The DIY Guide to Winterizing Your Boat
If your boat is kept in a cold winter weather area without heated storage, you will want to winterize before the first freeze sets in. You can pay someone else to winterize it for you, or save money by doing it yourself in a few simple steps.
Steps for Winterizing an Inboard/Outboard Drive Boat
Gather Your Tools and Supplies
A factory service manual could be an invaluable reference to help you locate all the drain ports and cooling units on your boat. You will also need tools and materials, including:
- Oil suction pump
- Lube injection pump
- Drain plug gaskets
- Socket wrenches
- Combination wrenches
- RV antifreeze
- Fogging oil
- Oil filter
- Motor oil
Clean the Carburetor and Change the Engine Oil
First, change the oil and filter. Remove the dipstick and insert the suction hose in the dipstick tube to take out the old oil. Then replace the filter and add fresh oil.
Next, fill the gas tank with non-oxygenated fuel, add a fuel stabilizer, and run your boat to a landing. While the boat is still in the water, take the spark arrestor out of the carburetor and fog the engine. Take the boat out of the water on a trailer to perform the remaining steps.
Drain Off the Coolant
Tip the trailer and place a bucket under the hull drain. Use an open or box-end wrench to remove the hull plug. Get in the boat and start removing drain plugs or hoses near the top of the engine. Make sure to remove plugs or hoses from the oil cooler, block drain plugs, power steering cooler, and exhaust manifolds. Instead of screwing the drains open, you can remove the entire valve, for better drainage and to prevent the wings from breaking off.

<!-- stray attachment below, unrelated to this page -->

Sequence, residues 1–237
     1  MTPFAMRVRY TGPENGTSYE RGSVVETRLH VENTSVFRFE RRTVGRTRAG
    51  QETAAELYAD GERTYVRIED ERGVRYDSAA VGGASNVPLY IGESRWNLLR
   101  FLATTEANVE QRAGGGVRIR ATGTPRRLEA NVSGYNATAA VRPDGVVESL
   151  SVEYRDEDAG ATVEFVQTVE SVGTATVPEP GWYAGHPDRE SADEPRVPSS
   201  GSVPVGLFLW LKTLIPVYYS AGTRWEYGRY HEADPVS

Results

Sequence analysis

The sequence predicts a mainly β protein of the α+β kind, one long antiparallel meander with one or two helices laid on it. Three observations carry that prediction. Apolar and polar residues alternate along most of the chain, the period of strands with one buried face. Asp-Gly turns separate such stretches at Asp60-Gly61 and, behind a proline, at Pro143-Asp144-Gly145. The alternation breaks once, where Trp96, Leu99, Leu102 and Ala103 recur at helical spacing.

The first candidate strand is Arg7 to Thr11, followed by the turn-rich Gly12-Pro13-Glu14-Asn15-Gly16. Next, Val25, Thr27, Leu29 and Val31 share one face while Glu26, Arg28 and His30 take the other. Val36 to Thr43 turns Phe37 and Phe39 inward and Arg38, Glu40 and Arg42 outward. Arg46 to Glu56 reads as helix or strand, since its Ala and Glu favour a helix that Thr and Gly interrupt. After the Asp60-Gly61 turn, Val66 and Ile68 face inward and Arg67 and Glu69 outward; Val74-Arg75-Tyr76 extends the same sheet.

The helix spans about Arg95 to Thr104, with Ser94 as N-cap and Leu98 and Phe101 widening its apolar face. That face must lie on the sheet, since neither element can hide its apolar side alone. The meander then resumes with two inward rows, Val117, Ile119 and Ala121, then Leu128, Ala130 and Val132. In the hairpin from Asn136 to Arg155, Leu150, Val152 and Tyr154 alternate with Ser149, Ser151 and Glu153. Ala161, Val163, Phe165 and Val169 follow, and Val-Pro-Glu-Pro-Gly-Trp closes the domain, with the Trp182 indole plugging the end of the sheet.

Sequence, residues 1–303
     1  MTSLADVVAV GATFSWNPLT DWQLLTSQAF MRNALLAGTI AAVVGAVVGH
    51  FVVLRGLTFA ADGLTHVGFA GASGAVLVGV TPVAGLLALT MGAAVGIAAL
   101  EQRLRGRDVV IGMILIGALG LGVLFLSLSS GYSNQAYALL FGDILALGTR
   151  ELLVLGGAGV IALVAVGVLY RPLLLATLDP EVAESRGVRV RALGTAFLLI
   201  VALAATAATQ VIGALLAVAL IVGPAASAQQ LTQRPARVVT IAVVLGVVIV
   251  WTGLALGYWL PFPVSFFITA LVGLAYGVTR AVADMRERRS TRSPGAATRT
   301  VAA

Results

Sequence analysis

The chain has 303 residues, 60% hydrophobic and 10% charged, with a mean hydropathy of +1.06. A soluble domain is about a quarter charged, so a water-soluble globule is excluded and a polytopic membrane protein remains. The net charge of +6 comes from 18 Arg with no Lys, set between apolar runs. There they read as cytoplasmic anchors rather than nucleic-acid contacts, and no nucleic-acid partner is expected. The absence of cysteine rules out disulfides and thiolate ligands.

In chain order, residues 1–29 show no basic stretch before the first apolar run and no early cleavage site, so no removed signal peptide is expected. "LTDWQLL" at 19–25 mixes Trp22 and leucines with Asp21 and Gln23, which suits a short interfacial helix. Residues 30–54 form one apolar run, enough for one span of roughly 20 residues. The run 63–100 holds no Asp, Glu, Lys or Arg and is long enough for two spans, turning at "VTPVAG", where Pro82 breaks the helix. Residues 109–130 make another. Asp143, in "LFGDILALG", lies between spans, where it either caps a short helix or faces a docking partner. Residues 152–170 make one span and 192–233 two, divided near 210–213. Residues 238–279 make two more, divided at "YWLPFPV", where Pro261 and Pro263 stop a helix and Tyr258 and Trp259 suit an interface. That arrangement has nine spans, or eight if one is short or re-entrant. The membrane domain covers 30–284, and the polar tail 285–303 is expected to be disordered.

When the boat is finished draining, reinstall all the plugs and hoses, except for the block drain plugs. Remove the hose attached to the thermostat housing, or the thermostat itself, and pour in RV antifreeze until it comes out of the block drains. Once it stops draining antifreeze, re-insert the hull and block drain plugs.
Lubricate Lower Unit
Take the bottom drain plug out of the lower unit, allow it to drain for a few minutes, and remove the upper vent plug. When all the old lube has drained out, use a screw-in pump nozzle to refill it with fresh high-performance lube. Put new gaskets in the vent and drain holes and reinstall plugs.
Charge the Battery
As a final step, remove the terminals and fully charge the battery. You can leave the charged battery in the boat or bring it inside and attach it to a maintainer. Now that winterizing is done, you can cover your boat until spring.
Get the Right Insurance Coverage
Boat insurance can help protect you against damage to your boat, new boat replacement, and liability for personal injury, property damage, or fuel spills. Our agent can help you find the right boat insurance policy to protect your investment.Filed Under: Personal Insurance | Tagged With: Boat Insurance